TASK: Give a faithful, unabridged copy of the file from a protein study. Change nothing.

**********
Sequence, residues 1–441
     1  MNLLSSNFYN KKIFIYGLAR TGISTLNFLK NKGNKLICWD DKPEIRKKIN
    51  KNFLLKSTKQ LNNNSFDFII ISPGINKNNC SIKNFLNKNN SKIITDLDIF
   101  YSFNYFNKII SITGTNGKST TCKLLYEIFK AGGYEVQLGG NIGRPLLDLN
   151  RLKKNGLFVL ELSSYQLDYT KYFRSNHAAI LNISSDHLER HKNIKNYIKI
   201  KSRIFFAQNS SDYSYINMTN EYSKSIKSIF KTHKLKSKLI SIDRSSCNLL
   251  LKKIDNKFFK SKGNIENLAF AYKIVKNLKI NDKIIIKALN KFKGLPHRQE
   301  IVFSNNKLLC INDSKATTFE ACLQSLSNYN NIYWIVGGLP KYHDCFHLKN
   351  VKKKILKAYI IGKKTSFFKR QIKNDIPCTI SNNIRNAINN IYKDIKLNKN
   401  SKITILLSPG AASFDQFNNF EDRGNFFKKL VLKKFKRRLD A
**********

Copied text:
Sequence, residues 1–441
     1  MNLLSSNFYN KKIFIYGLAR TGISTLNFLK NKGNKLICWD DKPEIRKKIN
    51  KNFLLKSTKQ LNNNSFDFII ISPGINKNNC SIKNFLNKNN SKIITDLDIF
   101  YSFNYFNKII SITGTNGKST TCKLLYEIFK AGGYEVQLGG NIGRPLLDLN
   151  RLKKNGLFVL ELSSYQLDYT KYFRSNHAAI LNISSDHLER HKNIKNYIKI
   201  KSRIFFAQNS SDYSYINMTN EYSKSIKSIF KTHKLKSKLI SIDRSSCNLL
   251  LKKIDNKFFK SKGNIENLAF AYKIVKNLKI NDKIIIKALN KFKGLPHRQE
   301  IVFSNNKLLC INDSKATTFE ACLQSLSNYN NIYWIVGGLP KYHDCFHLKN
   351  VKKKILKAYI IGKKTSFFKR QIKNDIPCTI SNNIRNAINN IYKDIKLNKN
   401  SKITILLSPG AASFDQFNNF EDRGNFFKKL VLKKFKRRLD A